1948: Sugar Creek seemed such a welcoming town for Ellen, a young woman keen to share the news of her pregnancy with her fiancé Billy. When Billy signs up for extra work testing topical creams at the local military base, to earn money for their wedding, Ellen is nervous. Now it seems her fears were founded. Billy has disappeared. Devastated, Ellen begins to ask questions, turning the locals against her and putting her life at risk as she desperately searches for him.
2000: Instead of beginning her career with a dream job as a GP in a suburban practice, Dana has found herself jobless and facing the hospital board for a mistake she made with a patient. Herb Hipworth, mayor of Sugar Creek, is desperate for a town doctor and makes Dana an offer she can’t refuse. But when Dana arrives in the remote tropical town, she discovers the locals are plagued with unexplained health issues. Now, as she digs for the cause, she stumbles upon a decades-long conspiracy leading to an environmental disaster.
Let's talk about it
Tell us something about yourself that not many people know.
I began learning to drive at twelve. I might add I was not very good.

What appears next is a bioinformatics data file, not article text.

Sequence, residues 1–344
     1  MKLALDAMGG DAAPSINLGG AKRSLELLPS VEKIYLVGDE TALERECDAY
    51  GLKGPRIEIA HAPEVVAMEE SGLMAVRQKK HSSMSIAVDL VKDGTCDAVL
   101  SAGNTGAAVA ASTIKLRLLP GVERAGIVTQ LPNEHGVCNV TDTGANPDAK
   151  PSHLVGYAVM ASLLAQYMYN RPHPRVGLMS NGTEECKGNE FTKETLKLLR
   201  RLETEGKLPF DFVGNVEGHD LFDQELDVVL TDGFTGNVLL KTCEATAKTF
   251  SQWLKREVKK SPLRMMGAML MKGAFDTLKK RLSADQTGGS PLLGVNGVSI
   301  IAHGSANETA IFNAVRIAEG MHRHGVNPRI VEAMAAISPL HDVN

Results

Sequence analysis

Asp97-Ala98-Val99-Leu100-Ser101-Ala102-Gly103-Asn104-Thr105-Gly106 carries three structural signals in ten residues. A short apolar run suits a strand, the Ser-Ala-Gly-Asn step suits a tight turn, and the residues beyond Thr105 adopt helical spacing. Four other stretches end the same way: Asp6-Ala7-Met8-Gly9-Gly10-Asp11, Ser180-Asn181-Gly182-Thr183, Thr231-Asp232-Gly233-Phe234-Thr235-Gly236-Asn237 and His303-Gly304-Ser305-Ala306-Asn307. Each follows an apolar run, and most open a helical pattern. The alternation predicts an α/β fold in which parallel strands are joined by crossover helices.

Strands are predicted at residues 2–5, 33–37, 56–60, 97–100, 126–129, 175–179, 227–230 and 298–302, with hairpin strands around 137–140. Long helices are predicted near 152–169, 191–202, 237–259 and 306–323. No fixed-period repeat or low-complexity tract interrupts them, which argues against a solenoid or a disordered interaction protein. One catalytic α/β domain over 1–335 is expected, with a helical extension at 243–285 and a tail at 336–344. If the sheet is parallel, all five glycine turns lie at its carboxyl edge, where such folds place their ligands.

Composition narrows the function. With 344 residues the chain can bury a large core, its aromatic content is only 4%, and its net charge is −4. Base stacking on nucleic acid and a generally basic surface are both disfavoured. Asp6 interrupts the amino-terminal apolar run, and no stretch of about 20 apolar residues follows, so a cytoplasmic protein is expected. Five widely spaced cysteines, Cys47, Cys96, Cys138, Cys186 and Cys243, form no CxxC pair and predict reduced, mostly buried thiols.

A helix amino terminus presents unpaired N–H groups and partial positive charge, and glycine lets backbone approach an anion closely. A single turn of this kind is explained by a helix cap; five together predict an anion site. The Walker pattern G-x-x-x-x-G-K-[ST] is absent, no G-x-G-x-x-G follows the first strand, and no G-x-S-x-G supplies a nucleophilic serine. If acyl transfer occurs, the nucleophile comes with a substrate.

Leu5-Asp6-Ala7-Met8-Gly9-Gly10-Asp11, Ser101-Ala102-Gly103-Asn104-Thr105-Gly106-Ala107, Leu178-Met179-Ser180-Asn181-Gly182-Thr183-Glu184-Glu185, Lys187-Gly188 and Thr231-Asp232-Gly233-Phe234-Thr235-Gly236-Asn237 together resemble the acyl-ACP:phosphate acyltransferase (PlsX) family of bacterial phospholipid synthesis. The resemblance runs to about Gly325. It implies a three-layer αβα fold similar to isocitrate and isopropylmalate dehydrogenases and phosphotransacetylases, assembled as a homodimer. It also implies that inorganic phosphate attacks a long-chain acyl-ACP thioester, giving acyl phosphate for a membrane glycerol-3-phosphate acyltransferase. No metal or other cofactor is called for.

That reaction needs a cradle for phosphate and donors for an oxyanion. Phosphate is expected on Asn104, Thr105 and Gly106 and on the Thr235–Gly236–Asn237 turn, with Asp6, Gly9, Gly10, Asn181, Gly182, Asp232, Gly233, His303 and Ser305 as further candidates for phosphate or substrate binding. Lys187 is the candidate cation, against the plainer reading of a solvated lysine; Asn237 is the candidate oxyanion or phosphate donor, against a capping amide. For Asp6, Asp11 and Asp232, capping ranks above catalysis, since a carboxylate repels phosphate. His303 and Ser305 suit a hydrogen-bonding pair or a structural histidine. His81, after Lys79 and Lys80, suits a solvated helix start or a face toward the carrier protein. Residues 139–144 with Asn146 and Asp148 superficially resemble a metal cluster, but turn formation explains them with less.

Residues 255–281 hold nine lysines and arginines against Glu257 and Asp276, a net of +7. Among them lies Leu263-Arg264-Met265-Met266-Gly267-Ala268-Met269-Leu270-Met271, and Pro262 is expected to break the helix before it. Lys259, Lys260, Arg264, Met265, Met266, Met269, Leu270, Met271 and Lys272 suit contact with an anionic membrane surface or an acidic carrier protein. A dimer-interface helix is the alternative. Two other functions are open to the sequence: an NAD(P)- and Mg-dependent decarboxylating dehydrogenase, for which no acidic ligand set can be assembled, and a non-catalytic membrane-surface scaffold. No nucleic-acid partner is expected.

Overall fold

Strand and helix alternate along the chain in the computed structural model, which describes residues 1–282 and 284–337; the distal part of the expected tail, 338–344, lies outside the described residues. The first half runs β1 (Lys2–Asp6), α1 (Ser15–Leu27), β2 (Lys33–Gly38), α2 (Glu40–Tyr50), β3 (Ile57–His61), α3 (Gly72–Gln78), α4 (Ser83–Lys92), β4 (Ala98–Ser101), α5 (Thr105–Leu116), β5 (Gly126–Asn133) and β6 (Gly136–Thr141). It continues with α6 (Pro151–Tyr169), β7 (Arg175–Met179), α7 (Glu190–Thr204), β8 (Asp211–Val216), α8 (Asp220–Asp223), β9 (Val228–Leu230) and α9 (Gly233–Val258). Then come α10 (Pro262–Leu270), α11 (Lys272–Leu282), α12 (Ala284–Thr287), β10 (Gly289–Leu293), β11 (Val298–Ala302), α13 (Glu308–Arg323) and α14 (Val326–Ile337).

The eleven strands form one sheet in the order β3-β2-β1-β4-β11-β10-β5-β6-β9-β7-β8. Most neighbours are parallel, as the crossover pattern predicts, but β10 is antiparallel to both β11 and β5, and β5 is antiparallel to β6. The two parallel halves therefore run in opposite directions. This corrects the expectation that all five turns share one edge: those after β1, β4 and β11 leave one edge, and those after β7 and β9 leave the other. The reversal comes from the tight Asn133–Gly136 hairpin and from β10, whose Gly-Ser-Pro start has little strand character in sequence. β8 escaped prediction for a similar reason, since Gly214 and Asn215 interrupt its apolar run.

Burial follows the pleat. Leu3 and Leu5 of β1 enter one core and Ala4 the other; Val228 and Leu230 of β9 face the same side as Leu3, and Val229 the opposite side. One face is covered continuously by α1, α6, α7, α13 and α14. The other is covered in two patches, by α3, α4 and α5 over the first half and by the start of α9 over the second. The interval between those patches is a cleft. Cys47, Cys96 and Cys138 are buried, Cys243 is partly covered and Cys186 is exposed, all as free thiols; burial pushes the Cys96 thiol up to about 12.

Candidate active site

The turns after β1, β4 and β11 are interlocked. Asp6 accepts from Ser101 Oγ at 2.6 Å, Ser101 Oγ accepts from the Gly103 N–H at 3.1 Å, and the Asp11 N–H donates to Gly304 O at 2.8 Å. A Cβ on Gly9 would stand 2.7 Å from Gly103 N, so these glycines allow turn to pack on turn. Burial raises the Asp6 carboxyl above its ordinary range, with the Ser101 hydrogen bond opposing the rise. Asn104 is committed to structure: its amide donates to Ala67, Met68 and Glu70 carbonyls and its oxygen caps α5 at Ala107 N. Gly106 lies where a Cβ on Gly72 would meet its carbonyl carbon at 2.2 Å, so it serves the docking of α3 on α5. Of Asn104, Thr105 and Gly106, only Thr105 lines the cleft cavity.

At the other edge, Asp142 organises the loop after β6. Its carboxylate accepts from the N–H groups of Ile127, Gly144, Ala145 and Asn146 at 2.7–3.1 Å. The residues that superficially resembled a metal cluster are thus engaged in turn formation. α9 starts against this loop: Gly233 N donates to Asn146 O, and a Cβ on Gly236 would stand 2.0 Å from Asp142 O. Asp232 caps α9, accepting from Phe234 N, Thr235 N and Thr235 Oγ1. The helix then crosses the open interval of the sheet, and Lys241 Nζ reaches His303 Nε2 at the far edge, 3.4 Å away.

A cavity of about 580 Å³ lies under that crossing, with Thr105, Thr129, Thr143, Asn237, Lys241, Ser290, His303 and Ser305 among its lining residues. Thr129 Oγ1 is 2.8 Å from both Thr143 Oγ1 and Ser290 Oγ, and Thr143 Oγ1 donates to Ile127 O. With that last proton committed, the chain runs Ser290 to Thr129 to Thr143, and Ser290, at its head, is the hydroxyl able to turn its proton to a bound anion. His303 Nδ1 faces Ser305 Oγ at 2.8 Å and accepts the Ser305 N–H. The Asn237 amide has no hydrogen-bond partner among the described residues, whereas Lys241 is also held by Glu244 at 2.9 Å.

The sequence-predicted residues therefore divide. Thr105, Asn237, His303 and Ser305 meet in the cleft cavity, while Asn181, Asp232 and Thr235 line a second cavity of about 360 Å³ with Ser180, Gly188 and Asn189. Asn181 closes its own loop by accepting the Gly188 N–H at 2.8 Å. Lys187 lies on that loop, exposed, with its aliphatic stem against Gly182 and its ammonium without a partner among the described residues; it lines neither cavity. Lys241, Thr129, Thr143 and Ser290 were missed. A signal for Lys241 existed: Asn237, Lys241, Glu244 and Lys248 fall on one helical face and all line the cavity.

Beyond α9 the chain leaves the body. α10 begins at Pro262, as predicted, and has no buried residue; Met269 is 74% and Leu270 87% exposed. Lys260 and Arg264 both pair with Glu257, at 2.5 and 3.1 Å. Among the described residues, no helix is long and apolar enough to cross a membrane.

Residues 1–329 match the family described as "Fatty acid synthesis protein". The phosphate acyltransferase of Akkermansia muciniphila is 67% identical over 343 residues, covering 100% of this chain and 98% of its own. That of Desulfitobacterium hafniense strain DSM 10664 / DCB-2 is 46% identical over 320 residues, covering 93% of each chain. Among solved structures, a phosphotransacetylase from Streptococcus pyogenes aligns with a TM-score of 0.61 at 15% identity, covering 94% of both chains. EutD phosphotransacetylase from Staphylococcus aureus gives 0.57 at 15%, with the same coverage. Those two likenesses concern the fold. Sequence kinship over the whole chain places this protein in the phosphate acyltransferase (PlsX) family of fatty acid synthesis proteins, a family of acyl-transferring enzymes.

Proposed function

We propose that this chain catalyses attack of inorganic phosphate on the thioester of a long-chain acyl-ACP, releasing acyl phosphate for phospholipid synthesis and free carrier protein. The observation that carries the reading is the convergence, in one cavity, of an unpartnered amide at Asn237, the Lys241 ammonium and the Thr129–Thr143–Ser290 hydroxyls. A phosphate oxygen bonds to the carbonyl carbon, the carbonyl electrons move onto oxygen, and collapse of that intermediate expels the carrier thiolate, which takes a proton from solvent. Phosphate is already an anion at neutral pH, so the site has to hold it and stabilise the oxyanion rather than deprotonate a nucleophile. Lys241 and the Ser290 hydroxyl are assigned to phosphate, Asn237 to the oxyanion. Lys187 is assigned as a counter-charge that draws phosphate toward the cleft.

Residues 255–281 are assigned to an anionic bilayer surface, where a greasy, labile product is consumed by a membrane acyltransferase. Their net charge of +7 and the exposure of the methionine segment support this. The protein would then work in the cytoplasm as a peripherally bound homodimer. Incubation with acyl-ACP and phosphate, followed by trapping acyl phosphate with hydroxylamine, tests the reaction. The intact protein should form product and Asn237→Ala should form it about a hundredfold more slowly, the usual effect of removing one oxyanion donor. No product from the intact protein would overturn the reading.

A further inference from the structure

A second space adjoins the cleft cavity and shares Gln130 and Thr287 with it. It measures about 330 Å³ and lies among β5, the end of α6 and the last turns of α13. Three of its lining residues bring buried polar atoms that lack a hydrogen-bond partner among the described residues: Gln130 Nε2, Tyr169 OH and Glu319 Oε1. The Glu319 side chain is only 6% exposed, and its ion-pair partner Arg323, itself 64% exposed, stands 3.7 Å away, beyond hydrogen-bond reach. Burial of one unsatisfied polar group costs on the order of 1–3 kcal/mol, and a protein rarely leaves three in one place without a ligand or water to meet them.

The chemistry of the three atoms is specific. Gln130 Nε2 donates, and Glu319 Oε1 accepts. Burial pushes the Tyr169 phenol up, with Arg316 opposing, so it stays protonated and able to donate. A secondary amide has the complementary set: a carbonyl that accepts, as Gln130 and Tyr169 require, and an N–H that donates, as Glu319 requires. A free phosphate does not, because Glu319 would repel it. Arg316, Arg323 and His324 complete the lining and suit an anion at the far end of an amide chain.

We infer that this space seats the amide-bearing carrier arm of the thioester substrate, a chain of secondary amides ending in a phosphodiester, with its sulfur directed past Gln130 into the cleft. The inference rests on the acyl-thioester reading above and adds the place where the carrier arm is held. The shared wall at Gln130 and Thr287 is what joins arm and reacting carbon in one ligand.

Why did you choose the themes in your book and were you aware of them from the start?
Yes, I had a rough idea of what I wanted to say in the book as I explored themes of unwed pregnant mothers in the forties and the unintended consequences of pesticides in the fifties and sixties.
How difficult was it for you to write this book? Did you face any obstacles?
I knew the story I wanted to write from the outset so this one was relatively easy. The hard bit is getting the words down and revising, revising and revising. The other major difficulty is the research, which can take me down many rabbit holes until I can weed out what is relevant.
Do you always write in this genre or do you like to break out of the box?
I tend to write historical fiction. I just love the idea of history affecting our present and our futures and of course, I am often dismayed that history just continues to repeat itself as we never seem to learn.
What are your writing habits or idiosyncrasies?
I tend to write something every day whether it be a blog about a book or my own work. And when I’m not physically writing, I’m thinking about writing for hours on end as I mull over plots and characters and sentences and it goes on…
If you worked with a professional editor, what was the experience like?
I always work with an editor. No-one should put out anything without one. An editor can see things that I can’t and they are objective where I’m not. My work is 100% better because it’s been edited.
What’s next for your writing?
Another novel but this time I’m breaking away from 1948 and taking the timeline to 1975.
S.C. Karakaltsas lives in Melbourne, Australia with her husband. She grew up on a dairy farm in South East Queensland and was always a lover of books and read anything she could lay her hands on.